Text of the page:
“We couldn’t get a big kid until we got Marcus [Camby],” Calipari said. “We had everybody else but we were getting six-foot-six to six-foot-seven guys but then they got to campus and they were six-five. But I always had tough kids who were great teammates. We would outough everybody we played. There were years we shot 40 percent from the floor and won 25 games. And then if we shot 48 percent we won 30 games.”

His impact on the UMass basketball program has been felt ever since he left the University. The winning passion instilled from program to program was further grown by Calipari. The unveiling of his statue cementing his legacy into UMass history was certainly the icing on the top.

Ana Pietrewicz / Daily Collegian

The cool and collected Camby discussed his retirement. The 47-year old has three daughters: the eldest is a freshman at the University of Houston, the middle a freshman in high school and the youngest is in fifth grade.

Camby also touched on social media, titling it a catch-22 for players to have such easy access to. He advised players to build a brand on social media rather than to fall into the trap of allowing it to hinder your performance while competing and even your everyday lifestyle.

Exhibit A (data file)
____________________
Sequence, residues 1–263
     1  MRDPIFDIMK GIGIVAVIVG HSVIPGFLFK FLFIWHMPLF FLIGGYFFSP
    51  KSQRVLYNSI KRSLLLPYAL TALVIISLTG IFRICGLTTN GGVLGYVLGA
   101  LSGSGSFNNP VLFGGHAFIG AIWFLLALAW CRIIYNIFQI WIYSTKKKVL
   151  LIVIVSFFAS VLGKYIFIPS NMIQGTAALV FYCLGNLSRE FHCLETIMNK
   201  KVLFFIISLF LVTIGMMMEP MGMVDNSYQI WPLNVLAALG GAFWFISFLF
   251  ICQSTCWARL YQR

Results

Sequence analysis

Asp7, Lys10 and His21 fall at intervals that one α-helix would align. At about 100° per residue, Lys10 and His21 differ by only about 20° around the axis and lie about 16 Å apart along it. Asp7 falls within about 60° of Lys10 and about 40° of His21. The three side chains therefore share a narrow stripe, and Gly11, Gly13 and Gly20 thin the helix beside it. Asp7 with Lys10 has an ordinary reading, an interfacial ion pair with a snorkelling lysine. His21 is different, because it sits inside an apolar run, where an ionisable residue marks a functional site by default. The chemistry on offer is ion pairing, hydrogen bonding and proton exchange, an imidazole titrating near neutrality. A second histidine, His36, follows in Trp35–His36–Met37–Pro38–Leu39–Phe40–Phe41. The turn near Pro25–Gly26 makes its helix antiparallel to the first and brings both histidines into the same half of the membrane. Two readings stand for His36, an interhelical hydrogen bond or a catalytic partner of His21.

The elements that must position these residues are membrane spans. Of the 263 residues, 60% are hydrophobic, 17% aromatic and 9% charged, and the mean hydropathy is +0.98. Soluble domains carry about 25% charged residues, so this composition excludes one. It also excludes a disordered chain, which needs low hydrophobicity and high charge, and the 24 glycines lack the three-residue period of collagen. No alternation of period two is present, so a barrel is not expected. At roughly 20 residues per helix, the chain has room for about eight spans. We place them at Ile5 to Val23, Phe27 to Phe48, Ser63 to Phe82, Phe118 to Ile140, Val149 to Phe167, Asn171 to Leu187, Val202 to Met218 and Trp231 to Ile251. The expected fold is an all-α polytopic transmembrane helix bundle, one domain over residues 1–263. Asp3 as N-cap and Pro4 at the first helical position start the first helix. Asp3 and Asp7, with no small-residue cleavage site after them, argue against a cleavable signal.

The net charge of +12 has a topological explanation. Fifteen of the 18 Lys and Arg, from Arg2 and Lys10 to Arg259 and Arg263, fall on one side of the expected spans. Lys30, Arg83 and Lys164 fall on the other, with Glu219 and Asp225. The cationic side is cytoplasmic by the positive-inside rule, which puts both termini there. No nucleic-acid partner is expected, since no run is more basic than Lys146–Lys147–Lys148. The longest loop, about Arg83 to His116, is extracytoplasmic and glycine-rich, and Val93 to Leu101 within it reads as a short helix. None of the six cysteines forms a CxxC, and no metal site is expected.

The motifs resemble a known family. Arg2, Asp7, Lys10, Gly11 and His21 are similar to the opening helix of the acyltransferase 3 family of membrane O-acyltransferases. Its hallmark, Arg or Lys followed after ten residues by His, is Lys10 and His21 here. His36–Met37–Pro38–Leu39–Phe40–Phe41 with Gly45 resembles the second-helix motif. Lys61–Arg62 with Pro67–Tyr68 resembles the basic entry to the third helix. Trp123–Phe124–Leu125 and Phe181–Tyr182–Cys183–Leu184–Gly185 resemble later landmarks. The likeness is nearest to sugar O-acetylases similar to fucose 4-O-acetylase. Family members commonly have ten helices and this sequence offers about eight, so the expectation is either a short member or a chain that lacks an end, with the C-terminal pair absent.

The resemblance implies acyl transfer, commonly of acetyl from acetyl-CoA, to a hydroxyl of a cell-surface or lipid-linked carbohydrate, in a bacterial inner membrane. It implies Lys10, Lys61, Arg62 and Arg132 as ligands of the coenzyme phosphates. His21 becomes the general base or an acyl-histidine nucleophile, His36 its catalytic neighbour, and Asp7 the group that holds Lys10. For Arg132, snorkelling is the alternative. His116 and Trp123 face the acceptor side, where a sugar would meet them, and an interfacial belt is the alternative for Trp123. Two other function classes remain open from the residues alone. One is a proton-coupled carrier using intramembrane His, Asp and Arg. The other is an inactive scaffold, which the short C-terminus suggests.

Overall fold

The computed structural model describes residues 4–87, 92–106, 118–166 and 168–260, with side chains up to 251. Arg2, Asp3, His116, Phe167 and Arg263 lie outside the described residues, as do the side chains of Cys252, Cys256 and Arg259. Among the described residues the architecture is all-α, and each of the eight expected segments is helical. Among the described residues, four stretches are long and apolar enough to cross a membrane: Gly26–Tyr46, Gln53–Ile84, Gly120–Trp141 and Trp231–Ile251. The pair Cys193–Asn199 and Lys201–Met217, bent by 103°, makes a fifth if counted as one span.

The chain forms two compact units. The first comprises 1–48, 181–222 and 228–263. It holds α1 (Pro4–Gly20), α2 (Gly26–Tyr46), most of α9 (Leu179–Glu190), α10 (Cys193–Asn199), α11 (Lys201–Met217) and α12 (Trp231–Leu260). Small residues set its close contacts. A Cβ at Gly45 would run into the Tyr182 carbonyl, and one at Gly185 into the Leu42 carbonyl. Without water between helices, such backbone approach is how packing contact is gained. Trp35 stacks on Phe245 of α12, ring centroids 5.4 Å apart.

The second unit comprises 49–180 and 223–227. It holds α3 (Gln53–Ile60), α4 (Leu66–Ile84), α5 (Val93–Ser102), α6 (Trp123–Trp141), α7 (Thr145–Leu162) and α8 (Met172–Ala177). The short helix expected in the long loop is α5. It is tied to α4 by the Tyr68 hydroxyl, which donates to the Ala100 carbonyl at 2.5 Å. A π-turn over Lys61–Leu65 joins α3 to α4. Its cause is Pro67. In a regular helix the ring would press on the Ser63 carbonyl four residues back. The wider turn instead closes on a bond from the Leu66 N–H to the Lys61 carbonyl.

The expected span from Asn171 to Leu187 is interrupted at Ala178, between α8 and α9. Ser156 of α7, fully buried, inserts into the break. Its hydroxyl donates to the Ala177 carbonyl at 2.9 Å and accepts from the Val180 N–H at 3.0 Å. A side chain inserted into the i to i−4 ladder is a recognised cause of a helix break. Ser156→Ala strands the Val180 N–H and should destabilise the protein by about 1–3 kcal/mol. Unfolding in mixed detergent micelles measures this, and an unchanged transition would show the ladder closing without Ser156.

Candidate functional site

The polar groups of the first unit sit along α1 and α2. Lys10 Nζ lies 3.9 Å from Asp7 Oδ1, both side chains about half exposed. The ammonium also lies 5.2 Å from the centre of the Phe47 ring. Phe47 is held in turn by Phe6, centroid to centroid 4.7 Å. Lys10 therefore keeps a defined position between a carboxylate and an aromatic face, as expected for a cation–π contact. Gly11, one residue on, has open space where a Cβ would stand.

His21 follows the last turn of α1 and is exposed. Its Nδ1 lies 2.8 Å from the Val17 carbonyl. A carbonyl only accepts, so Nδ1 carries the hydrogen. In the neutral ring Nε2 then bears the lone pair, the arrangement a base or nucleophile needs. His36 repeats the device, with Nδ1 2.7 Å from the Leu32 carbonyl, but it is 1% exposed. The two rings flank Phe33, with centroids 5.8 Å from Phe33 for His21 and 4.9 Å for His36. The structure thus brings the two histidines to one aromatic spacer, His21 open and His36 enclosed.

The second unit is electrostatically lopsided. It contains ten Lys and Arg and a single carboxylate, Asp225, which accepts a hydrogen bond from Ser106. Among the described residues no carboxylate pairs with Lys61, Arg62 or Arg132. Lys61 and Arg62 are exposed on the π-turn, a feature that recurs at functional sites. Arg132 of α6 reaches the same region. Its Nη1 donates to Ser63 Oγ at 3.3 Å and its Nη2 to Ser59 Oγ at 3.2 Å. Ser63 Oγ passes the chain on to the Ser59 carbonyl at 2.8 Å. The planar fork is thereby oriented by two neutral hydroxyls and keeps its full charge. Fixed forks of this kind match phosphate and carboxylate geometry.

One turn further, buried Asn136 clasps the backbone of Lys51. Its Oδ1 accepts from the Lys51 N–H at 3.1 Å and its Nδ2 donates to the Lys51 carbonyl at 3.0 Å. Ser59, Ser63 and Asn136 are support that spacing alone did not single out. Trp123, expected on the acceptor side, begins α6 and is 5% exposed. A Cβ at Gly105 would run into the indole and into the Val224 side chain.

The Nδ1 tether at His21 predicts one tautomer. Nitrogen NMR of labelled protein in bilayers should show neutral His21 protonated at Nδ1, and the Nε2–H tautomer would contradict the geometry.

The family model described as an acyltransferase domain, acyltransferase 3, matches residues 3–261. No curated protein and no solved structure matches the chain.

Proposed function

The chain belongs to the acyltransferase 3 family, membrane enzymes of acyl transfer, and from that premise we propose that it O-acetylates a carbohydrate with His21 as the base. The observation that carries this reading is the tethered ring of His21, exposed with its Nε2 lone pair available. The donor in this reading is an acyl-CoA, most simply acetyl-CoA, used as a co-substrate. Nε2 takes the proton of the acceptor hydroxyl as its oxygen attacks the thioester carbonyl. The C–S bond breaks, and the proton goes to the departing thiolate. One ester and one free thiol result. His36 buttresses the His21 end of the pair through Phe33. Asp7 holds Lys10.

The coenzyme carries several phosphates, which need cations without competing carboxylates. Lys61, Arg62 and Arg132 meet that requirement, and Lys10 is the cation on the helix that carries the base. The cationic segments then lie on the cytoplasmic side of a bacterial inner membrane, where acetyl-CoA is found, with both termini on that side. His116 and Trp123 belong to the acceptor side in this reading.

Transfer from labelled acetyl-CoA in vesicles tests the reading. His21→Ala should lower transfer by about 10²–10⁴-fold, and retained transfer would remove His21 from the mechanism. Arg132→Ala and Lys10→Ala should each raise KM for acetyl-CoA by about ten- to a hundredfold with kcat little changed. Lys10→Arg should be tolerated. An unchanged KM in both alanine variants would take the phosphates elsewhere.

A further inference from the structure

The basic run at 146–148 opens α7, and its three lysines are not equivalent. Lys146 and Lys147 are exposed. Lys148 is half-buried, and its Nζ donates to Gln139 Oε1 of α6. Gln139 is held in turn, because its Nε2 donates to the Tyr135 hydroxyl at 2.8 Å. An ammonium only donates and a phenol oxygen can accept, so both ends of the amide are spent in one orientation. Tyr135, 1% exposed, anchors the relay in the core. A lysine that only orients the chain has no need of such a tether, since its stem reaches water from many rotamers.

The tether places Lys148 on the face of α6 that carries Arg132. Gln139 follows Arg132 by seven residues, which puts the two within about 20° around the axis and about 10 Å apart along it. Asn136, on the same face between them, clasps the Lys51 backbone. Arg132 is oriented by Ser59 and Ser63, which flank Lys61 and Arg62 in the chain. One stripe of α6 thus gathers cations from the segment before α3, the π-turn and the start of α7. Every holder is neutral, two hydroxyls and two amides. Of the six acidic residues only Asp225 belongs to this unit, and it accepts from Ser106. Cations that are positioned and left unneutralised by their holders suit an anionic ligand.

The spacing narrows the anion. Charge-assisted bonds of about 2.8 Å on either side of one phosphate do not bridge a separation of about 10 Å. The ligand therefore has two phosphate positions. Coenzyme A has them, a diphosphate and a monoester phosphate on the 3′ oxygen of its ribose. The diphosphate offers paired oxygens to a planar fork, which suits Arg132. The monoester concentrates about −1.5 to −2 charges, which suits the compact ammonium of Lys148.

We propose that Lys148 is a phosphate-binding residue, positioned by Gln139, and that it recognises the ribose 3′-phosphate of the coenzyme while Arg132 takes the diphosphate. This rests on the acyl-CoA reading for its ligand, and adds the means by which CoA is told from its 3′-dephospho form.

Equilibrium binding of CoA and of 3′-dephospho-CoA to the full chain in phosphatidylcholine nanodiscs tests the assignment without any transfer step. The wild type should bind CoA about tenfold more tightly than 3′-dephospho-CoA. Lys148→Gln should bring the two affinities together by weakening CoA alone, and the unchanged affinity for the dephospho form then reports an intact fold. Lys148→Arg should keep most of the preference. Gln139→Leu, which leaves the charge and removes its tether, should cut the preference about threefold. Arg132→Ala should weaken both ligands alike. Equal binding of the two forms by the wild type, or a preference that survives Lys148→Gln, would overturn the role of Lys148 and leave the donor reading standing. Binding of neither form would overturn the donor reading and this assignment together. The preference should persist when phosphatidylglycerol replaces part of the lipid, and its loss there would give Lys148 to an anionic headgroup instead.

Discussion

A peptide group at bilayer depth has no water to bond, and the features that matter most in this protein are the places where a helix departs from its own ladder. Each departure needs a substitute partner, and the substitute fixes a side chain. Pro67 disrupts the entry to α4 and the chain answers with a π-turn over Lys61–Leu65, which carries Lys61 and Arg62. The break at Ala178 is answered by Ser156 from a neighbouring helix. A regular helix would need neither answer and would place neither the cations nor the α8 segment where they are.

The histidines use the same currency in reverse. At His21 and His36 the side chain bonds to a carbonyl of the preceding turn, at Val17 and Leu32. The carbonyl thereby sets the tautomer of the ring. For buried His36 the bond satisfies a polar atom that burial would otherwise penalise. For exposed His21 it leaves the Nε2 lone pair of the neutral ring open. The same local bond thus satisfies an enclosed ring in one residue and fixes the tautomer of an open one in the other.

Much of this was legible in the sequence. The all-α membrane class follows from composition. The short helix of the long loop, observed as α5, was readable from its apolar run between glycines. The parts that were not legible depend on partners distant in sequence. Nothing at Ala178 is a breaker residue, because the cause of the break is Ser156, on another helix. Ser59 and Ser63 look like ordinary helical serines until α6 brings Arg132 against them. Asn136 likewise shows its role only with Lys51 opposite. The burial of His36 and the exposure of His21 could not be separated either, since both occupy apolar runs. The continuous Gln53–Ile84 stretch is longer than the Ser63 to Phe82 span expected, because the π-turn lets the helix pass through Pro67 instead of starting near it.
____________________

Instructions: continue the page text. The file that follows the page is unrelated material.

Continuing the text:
Three of the brightest years this program has experienced have come in Camby’s three years on campus. It has now been 25 years since Camby and UMass took the nation by storm, which is something he is trying to remind the current Minutemen players of.

“It’s a new era, it’s a new style of basketball,” Camby said he told the players. “Just embrace it and be yourselves.”

Camby smirked when asked if he thinks his statue looks similar to him.

“I think no one ever thinks their statue looks like them,” he said with a laugh.

Joey Aliberti can be reached at . Frederick Hanna III can be reached at . Lulu Kesin can be reached at [email protected].